Football's greatest box-to-box midfielders
Some of our favourite box-to-box footballers from down the years...
No.10 Jean Tigana
Jean Tigana was a great all-round midfielder who had a bit of everything in his game. Despite being a fine technical player, it was his boundless energy for which Tigana was most renowned. His slight frame was deceptive, as he covered seemingly every blade of grass, hounding and pressing the opposition in a bid to win the ball back or to force them into a mistake.
Whilst this ability would sometimes see Tigana deployed as a holding or defensive midfielder, his relentless running also made him one of the great box-to-box midfielders of the 1980s, particularly when playing for the national team as part of that tremendous midfield quartet known as Le Carré Magique (the Magic Square). With Luis Fernández sat at the base of the four, Tigana could get up and down the pitch at will, supporting the creative talents of the other two members of the midfield partnership, Michel Platini and Alain Giresse.
Tigana's incredible engine was never better demonstrated than in the epic semi-final of Euro'84, when, deep into injury-time, and with the game looking like it was heading for the dreaded penalty-shootout, Tigana summoned up the energy for one last lung-bursting surge into the Portuguese box, setting up Platini for a glorious winner and giving the rest of us one of the greatest football commentaries.
No.2 Bryan Robson
No.3 Roy Keane
No.4 Bastian Schweinsteiger
No.5 Johan Neeskens
No.6 Lothar Matthaus
No.7 Patrick Viera
No.8 Frank Lampard
No.10 Clarence Seedorf
No.11 Michael Essien
A brilliant midfielder whose status would have been even higher if it wasn’t for the number of serious injuries that he sadly suffered in the second half of his career.
Michael Essien was still playing with his local side as a 16 year old when he had scouts across Europe suddenly scrambling for his signature following a number of stellar performances at the World U17 Championships, helping Ghana to finish in a fantastic third place. Manchester United tried to sign him but had his work permit refused and Essien ended up in France at Bastia. Having started out in a number of defensive roles, a move into midfield would see Essien establish himself in Ligue 1 and it wasn’t long before Paris Saint-Germain and Lyon were battling it out for his services, Essien opting for Lyon and immediately forming a fantastic midfield partnership with Juninho Pernambucano, the Brazilian’s playmaking skills complimenting Essien’s relentless box-to-box energy. Essien would win the Ligue 1 title in both his seasons at the Stade de Gerland.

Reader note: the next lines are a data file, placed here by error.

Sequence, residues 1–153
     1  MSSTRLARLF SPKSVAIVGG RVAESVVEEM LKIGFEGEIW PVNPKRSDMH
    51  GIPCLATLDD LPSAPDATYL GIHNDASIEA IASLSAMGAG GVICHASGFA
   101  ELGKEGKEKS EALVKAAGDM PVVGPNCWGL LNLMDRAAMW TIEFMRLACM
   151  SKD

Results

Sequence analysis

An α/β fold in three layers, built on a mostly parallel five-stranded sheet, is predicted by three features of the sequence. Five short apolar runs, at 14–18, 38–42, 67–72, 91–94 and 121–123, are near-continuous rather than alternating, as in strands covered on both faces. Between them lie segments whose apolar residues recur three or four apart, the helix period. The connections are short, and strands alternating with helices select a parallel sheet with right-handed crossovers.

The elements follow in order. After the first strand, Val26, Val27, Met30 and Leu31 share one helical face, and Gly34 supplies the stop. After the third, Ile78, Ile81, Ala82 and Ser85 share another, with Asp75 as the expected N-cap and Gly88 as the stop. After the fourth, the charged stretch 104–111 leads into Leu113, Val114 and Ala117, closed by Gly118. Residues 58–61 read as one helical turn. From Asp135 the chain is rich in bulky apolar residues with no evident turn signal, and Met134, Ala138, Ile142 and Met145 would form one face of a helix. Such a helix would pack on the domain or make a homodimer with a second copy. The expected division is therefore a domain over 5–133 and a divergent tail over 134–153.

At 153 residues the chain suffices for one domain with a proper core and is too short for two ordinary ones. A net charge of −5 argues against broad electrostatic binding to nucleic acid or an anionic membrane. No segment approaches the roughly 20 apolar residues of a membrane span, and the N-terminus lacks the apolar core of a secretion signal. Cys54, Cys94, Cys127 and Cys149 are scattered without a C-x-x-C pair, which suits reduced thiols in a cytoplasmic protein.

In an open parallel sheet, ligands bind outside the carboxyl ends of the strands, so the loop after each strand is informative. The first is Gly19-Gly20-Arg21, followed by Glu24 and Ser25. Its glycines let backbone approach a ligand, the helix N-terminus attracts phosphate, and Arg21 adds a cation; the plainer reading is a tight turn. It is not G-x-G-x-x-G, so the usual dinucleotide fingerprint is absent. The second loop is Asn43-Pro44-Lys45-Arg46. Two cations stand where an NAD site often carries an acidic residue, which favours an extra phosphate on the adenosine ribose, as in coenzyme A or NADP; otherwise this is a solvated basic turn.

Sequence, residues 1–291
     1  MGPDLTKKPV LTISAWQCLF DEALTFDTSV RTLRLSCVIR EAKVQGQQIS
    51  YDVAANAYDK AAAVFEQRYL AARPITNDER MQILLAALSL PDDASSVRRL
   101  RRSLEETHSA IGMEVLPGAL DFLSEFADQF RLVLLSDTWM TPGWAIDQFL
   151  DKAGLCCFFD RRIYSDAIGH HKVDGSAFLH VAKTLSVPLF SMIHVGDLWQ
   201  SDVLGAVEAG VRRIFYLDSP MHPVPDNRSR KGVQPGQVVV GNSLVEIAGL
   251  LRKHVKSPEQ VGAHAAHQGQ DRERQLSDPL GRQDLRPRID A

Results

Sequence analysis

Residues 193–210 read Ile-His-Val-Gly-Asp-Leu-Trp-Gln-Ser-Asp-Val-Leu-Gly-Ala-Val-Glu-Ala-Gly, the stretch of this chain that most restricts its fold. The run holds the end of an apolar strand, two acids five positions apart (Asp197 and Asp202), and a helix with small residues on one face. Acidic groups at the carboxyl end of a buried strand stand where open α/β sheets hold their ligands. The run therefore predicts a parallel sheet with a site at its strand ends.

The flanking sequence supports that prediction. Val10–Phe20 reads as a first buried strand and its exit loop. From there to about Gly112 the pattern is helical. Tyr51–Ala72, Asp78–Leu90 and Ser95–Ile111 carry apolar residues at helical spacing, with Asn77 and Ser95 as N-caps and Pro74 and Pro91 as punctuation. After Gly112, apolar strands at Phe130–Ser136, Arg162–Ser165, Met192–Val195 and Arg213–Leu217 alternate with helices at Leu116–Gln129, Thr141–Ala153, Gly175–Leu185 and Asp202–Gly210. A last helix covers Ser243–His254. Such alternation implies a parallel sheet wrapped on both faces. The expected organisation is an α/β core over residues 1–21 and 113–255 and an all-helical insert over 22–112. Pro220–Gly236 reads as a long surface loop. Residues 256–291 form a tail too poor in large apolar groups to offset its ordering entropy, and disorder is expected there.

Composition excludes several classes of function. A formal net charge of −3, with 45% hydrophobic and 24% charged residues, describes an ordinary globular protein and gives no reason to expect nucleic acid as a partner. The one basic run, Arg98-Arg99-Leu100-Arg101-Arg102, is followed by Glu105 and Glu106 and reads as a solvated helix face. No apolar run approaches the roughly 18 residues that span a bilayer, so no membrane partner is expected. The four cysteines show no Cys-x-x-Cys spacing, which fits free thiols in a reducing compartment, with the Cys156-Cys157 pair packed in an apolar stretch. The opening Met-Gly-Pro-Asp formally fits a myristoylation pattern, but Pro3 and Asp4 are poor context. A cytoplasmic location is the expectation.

José Mourinho’s big-spending Chelsea was the next stop for Michael Essien in 2005, the Stamford Bridge outfit splashing out £24.4m on him, breaking the record they’d paid out the previous summer for Didier Drogba.
No.12 Yaya Touré
A fantastic all-round player who was good enough to function brilliantly in a variety of roles, including centre-back (he won the 2009 Champions League playing there with Barcelona) and as a holding midfielder, but it's Yaya Touré's lungbursting surges up and down the pitch as a box-to-box midfielder for which we remember him most fondly. Having also won two La Liga titles during his three year spell at the Camp Nou, Manchester City made him one of their first really high-profile signings in 2010, teaming him up with older brother Kolo as they looked to break the grip that Manchester United and Chelsea had on the Premier League. It would prove to be an inspired signing as eight years later, when Toure departed the club, he did so with three Premier league winners medals, and he'd played a huge part in all of them. His form during his time at the Etihad would also see him win the African Footballer of the Year Award four years in a row, from 2011 to 2014, a feat that hadn't been done before, or since. And it wasn't just domestic glory that Toure would achieve, in 2015 he captained the Ivory Coast to only their second Africa Cup of Nations triumph, Les Éléphants beating Ghana on penalties.